Jeremiah Adebolajo, brother of Michael Adebolajo spoke to CAGE about the parliamentary report on the 2013 Woolwich attack. He said:
“In the immediate aftermath of the Woolwich attack on the 22nd May 2013 it was widely reported that the security services had no idea that any form of attack was imminent or that my brother was an immediate threat. In fact, I know this to be the case due to my own interaction with the security services. I had been approached by MI5/6 numerous times, both within the United Kingdom and outside. They had expressed to me their dismay at the fact that my brother left little in the way of a digital footprint and had no consistent social media account to his name and no regular phone number.
It therefore came as no surprise that as reports of the attack in Woolwich began to surface, and the names of the men involved became known publicly, nothing in the way of social media postings or Twitter comments from my brother were available to broadcast as is so often the case in an increasingly connected world.
“Despite the public not being unaware of any form of social media interaction of my brothers before the events of Woolwich, Parliament’s intelligence committee is set to justify the expansion of the UK government’s spying powers by suggesting that my brother was posting extremist material online in the months preceding the attack.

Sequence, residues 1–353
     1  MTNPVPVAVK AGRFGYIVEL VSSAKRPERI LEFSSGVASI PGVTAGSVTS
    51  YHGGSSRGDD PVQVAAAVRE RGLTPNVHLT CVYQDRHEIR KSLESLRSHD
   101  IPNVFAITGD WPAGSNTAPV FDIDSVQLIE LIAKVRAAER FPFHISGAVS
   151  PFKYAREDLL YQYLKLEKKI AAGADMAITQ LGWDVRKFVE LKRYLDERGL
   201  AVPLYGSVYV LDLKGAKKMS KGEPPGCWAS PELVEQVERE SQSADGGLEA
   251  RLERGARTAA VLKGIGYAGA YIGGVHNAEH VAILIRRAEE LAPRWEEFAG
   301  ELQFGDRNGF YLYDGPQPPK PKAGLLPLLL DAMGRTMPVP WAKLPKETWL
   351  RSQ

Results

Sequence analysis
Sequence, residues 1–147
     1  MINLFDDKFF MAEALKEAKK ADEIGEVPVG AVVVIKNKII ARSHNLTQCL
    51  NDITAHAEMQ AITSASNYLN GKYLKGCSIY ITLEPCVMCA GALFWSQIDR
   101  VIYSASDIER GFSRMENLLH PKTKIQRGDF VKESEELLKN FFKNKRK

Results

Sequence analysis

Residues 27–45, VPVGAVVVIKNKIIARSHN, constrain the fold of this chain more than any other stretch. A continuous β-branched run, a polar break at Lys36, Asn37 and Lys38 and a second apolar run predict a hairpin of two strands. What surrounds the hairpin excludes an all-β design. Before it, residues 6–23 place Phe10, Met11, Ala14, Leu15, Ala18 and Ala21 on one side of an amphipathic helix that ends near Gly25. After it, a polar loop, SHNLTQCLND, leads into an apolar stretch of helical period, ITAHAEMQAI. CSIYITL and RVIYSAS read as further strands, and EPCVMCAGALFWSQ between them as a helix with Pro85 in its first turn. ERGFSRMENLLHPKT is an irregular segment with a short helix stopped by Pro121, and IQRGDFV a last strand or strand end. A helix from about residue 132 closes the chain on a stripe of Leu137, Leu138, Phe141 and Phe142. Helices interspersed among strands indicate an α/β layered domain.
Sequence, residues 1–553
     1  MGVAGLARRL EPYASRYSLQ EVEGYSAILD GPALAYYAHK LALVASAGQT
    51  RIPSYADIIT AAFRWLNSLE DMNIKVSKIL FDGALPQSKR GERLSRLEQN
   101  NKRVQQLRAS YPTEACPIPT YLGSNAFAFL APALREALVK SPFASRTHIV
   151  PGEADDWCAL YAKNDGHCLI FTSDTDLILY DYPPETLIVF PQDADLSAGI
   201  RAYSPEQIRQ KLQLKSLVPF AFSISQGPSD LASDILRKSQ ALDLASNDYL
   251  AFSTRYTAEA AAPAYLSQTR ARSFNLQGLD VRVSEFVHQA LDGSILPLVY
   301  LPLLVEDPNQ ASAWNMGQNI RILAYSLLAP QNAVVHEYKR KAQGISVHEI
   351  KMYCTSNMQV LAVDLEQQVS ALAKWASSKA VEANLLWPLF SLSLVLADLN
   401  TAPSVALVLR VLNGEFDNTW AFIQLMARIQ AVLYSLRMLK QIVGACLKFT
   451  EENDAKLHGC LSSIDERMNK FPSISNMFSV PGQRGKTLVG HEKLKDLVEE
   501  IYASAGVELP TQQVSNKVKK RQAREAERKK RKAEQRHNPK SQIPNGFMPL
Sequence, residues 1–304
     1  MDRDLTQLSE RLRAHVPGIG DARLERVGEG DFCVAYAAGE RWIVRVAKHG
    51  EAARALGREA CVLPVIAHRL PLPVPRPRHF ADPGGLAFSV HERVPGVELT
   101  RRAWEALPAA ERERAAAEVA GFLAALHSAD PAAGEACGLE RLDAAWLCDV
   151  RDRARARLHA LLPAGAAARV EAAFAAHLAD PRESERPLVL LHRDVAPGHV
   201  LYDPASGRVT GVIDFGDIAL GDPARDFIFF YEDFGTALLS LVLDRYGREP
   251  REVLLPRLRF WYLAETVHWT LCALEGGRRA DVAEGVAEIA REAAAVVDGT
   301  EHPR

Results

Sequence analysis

It seems opportunistic that such a report will allow the expansion of a policy that is proving unpopular in all spheres of British society. It is sinister, to say the least, that emergency government policy will be drafted to allow the security services easier access to our social media and internet activities. But most of all it is disingenuous to lead the public to believe that a ‘lone wolf’ attack, such as the one seen in May 2013, might have been prevented by closer monitoring of our online activities.
“Speaking as somebody very close to my brother I can only offer, to those willing to listen, the facts. My brother was constantly and closely monitored by the security services. He had almost no online presence at all, a fact that even caused the security services to request me to keep a closer eye on him. I think the facts of the case, the lack of publicly available evidence to support the report and the convenience with which the government will now be able to expand unpopular spying laws are all testimony to the fact that this report is nothing more than a distraction from the motives behind the attack and a way to put a particular segment of British society under further pressure and surveillance.
The result: To alienate young Muslims, further ghettoising the Muslim community, to make lone wolf attacks even harder to detect as those contemplating such action will refrain from using social media to express their views and, most importantly, to restrict our freedom of movement and expression the government so hypocritically claims to uphold.”
(NOTE: CAGE represents cases of individuals based on the remit of our work. Supporting a case does not mean we agree with the views or actions of the individual. Content published on CAGE may not reflect the official position of our organisation.)